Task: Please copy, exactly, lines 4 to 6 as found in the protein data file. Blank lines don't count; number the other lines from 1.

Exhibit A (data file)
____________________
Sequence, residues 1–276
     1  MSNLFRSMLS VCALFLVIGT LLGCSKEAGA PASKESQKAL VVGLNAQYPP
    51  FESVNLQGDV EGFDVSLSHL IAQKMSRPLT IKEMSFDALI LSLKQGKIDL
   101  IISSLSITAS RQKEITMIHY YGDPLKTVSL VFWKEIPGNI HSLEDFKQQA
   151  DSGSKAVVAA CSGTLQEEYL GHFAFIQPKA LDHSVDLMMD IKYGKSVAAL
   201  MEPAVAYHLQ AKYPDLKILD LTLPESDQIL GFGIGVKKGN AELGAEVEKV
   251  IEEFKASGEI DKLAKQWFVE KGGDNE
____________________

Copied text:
   101  IISSLSITAS RQKEITMIHY YGDPLKTVSL VFWKEIPGNI HSLEDFKQQA
   151  DSGSKAVVAA CSGTLQEEYL GHFAFIQPKA LDHSVDLMMD IKYGKSVAAL
   201  MEPAVAYHLQ AKYPDLKILD LTLPESDQIL GFGIGVKKGN AELGAEVEKV